GST and the Changing Incidence of Australian Taxes: 1994-95 to 2001-02

Neil Warren, Ann Harding, Rachel Lloyd

    Research output: Contribution to journalArticle

    Abstract

    The past decade has seen major reforms to the design of Australia’s tax system. This paper outlines these reforms and examines their distributional impact across the household income spectrum.

    While the authors estimated tax incidence in Australia prior to the July 2000 (ANTS) reforms (which included the introduction of a 10% GST), no comprehensive estimates of the impact of these tax reforms have been made since that date. This paper addresses this deficiency.

    It finds that the personal income tax has become more income redistributive and more progressive over the period 1994-95 to 2001-02. However, the broad-based indirect tax reforms implemented over this period have become marginally more regressive and, because they have become more important as a revenue source, they now impact more adversely on post-tax income distribution. In the case of taxes other than the personal income tax and the reformed indirect taxes, they have become less regressive and have increased in importance. Overall, the progressivity of the Australian tax system and the distribution of post-tax income appears to have remained remarkably stable over the period.
    Original languageEnglish
    Pages (from-to)117-149
    Number of pages33
    JournaleJournal of Tax Research
    Volume3
    Issue number1
    Publication statusPublished - 2005

    Fingerprint

    Tax
    Indirect taxes
    Tax system
    Personal income tax
    Tax reform
    Income tax
    Income
    Distributional impacts
    Tax incidence
    Revenue
    Household income
    Income distribution
    Progressivity

    Cite this

    Warren, N., Harding, A., & Lloyd, R. (2005). GST and the Changing Incidence of Australian Taxes: 1994-95 to 2001-02. eJournal of Tax Research, 3(1), 117-149.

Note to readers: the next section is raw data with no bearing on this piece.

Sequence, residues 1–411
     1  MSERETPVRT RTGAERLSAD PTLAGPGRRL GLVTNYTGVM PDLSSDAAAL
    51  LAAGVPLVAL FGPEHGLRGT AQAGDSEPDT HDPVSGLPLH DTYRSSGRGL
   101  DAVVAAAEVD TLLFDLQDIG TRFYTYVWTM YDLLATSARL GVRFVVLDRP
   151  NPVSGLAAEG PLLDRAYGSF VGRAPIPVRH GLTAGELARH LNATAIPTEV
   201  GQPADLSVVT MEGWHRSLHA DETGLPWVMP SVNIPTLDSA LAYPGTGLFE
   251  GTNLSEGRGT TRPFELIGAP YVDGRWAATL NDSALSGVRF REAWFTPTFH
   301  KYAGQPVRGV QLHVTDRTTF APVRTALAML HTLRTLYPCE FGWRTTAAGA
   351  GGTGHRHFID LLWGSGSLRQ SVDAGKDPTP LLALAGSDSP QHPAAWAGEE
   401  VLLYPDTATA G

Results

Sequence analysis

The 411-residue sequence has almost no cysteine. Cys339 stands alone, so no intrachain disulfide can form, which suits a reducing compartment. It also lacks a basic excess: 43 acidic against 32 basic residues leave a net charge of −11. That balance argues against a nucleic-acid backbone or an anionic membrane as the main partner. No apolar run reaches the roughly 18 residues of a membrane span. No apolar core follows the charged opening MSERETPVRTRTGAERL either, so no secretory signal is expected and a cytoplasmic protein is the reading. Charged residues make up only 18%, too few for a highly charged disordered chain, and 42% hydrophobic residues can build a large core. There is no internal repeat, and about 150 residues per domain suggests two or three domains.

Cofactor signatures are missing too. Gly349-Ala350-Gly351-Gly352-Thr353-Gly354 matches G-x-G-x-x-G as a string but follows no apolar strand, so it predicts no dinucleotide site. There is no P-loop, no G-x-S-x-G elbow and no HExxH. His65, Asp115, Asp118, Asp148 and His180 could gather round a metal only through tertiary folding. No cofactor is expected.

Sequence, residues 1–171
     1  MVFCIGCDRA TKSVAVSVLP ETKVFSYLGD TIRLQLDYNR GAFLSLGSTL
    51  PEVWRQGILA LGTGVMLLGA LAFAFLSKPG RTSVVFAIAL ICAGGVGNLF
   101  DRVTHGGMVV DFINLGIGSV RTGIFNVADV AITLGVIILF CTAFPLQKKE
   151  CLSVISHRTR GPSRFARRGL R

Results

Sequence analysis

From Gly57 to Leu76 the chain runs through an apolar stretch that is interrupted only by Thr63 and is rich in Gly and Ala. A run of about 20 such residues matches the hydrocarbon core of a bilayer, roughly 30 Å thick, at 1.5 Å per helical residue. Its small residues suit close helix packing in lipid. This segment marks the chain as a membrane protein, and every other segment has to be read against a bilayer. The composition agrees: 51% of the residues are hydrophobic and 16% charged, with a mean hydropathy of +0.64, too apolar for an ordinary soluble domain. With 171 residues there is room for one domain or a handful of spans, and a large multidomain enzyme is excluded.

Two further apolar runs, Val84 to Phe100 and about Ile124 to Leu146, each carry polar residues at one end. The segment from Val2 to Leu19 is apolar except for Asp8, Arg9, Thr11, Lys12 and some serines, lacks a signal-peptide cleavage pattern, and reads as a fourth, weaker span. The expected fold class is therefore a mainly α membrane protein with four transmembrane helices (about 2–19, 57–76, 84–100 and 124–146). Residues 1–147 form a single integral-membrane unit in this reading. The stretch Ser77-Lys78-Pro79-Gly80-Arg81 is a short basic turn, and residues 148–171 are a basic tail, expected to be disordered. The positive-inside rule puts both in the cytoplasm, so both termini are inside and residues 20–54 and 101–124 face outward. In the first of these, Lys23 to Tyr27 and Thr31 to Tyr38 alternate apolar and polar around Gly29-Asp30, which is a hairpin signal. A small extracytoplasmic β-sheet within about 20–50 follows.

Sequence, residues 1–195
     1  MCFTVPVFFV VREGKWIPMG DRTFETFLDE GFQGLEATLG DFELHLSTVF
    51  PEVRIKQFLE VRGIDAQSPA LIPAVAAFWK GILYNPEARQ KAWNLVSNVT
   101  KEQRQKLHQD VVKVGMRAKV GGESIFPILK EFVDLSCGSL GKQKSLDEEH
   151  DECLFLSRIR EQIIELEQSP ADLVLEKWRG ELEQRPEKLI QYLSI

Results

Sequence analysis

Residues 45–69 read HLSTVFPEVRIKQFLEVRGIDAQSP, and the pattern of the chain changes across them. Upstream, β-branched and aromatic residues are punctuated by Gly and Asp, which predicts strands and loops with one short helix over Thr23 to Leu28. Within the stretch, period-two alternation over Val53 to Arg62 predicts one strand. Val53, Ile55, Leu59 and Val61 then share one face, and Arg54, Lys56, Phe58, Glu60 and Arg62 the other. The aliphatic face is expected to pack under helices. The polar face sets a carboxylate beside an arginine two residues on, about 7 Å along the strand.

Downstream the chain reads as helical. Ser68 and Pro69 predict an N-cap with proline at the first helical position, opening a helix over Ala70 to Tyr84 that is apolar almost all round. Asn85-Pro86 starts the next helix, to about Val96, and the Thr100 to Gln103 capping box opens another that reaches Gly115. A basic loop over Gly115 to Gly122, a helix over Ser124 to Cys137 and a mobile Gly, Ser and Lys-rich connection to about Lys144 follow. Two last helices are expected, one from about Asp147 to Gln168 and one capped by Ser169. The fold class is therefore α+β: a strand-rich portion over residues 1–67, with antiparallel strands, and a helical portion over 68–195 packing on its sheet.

Warren, Neil ; Harding, Ann ; Lloyd, Rachel. / GST and the Changing Incidence of Australian Taxes: 1994-95 to 2001-02. In: eJournal of Tax Research. 2005 ; Vol. 3, No. 1. pp. 117-149.
    @article{b6dfc50181e8418e9274b1bd42a60df4,
    title = "GST and the Changing Incidence of Australian Taxes: 1994-95 to 2001-02",
    abstract = "The past decade has seen major reforms to the design of Australia’s tax system. This paper outlines these reforms and examines their distributional impact across the household income spectrum.While the authors estimated tax incidence in Australia prior to the July 2000 (ANTS) reforms (which included the introduction of a 10{\%} GST), no comprehensive estimates of the impact of these tax reforms have been made since that date. This paper addresses this deficiency. It finds that the personal income tax has become more income redistributive and more progressive over the period 1994-95 to 2001-02. However, the broad-based indirect tax reforms implemented over this period have become marginally more regressive and, because they have become more important as a revenue source, they now impact more adversely on post-tax income distribution. In the case of taxes other than the personal income tax and the reformed indirect taxes, they have become less regressive and have increased in importance. Overall, the progressivity of the Australian tax system and the distribution of post-tax income appears to have remained remarkably stable over the period.",